All of us parents need to help each other - with work experience!
Nowadays, it's the hidden must-have for any youngster who wants a decent job, or place at university. You have to have work experience. And the bigger the aspiration, the better the university, the more competitive the course, the harder it is to find meaningful and worthwhile work experience.
Yet most companies and industries are doing naff all about it. Many say they offer work experience but all they do is take on your fifteen-year-old for a few days and do nothing with them. Well, it's difficult, they say - what you can possibly entrust a youngster to do?
I understand the problem, but it's one we must all solve together - us parents, together with schools and businesses.
One of my sons wanted desperately to be a doctor. Nothing would shake his determination - not even the fact that he needed at least 3 A* at A level, and one of them had to be chemistry, not his strongest subject.
Not even when I spelled out how hard he would have to work, how many years he would be in college, and predicted the size of his student loan which he would one day have to pay back, would be budge from his dream.
So the next HUGE task was to find him work experience. Because NO WAY can you get into any medical school without it.
In the end, after trying everything we could think of, filling in countless forms for all nearby local health authorities, I managed to find a friendly surgeon (who once removed my gall bladder) who agreed to take my son into his clinic for a couple of days. Luckily, his local PCT (unusually) agreed to deal with a 17 year old. Most will only take 18 year olds into a hospital - how crazy is that? It's too late, then, to put on your UCAS form!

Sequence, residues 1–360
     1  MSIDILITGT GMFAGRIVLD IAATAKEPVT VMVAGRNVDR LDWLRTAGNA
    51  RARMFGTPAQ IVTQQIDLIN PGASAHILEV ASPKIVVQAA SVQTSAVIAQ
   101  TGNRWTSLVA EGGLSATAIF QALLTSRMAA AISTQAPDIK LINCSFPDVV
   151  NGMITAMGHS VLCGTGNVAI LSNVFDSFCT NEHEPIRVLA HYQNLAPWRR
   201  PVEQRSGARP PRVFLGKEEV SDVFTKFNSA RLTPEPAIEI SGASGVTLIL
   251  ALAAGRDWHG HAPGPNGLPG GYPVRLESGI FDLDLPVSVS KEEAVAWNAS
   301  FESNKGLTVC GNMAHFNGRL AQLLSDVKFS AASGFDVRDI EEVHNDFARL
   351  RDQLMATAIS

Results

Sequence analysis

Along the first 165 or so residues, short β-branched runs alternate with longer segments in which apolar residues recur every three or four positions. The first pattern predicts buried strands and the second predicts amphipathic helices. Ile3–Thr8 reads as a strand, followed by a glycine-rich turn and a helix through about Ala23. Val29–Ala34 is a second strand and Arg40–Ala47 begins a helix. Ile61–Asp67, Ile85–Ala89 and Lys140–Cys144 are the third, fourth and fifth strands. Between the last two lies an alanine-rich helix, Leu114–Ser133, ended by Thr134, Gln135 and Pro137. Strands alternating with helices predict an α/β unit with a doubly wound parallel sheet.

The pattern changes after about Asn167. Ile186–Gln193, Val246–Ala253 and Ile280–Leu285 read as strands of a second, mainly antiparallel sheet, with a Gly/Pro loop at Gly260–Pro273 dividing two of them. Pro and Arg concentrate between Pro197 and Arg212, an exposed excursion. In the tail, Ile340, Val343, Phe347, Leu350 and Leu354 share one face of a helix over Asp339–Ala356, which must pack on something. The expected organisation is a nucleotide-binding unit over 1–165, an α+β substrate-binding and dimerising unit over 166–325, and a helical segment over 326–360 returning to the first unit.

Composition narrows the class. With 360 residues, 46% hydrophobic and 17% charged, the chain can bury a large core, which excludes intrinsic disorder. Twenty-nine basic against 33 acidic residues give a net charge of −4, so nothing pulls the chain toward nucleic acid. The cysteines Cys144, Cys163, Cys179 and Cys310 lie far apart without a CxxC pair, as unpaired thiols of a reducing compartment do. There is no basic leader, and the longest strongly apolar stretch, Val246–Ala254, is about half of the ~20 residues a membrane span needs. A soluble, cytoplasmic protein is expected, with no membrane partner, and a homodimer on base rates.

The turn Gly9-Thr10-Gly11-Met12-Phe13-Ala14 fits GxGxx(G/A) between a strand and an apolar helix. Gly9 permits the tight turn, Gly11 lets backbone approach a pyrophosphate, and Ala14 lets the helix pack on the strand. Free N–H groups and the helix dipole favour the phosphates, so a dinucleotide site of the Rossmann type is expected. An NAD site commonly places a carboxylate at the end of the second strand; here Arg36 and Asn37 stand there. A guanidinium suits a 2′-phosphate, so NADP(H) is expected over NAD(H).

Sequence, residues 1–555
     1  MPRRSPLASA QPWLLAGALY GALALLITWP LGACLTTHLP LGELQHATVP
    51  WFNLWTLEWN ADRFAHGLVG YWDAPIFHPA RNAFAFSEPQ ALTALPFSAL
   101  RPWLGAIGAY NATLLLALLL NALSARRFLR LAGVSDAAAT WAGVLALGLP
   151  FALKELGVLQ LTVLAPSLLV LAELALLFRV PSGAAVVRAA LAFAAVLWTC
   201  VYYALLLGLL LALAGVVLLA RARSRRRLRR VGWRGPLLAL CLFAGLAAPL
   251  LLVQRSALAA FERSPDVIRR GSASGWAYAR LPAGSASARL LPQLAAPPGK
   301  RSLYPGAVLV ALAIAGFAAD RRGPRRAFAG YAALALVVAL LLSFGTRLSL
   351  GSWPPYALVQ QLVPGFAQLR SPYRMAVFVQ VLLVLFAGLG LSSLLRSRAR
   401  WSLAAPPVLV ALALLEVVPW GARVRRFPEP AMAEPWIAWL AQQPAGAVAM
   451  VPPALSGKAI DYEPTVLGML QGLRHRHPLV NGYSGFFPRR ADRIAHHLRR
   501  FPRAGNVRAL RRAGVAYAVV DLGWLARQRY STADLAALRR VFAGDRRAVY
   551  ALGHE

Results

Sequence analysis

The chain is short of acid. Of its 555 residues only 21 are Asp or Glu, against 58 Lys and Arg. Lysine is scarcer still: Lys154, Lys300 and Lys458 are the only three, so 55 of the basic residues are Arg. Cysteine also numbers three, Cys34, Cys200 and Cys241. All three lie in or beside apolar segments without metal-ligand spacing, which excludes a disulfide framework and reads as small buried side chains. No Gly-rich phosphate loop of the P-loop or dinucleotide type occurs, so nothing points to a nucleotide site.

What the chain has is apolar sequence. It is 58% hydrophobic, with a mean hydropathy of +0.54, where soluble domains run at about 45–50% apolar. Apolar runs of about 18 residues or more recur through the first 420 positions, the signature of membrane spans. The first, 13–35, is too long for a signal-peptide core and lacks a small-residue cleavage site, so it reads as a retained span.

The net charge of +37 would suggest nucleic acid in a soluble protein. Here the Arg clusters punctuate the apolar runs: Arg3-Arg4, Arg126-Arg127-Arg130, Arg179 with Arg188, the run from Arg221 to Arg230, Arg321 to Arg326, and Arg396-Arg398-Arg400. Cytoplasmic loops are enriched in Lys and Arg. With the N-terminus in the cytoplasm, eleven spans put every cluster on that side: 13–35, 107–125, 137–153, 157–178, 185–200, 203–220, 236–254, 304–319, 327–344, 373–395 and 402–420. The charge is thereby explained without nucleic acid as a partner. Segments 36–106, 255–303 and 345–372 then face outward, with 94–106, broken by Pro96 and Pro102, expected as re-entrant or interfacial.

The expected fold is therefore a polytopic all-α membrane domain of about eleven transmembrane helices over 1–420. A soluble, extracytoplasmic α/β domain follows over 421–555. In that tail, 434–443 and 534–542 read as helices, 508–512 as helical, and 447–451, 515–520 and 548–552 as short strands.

It was right down in Sussex. Where we DON"T live.
So I arranged for us to go and stay at a little hotel near Chichester, and I commuted to work from there for a week, while my son went into hospital every day. It was fantastic for him. They thrust him in with the first year medical students, He witnessed several days of operations, in full scrubs, and even did ward rounds in a white coat.
I fully expected him to complete the week utterly convinced of his dream. Instead, he gradually realised he wasn't up for it. It was talking with the first year students that did it. He said: "Mum, they're all so CLEVER and yet they're all finding it so hard!"
That is why work experience is so important.
So why is it so difficult to get?
(One of my lads also wanted work experience at the BBC. I found I couldn't help at all, even though I work at the BBC. The BBC has a department set up to deal with applications totally objectively. So please don't expect me to help your offspring on that one, I couldn't even help my own!) But I did once take a daughter's friend into a non-BBC station with me for a week. I've always helped where I can.
Now I think it's time for all parents to help each other properly with their contacts who might be useful work experience providers.
What could we call it?
The Work Experience Parents' Network.
What do you think? Can you help?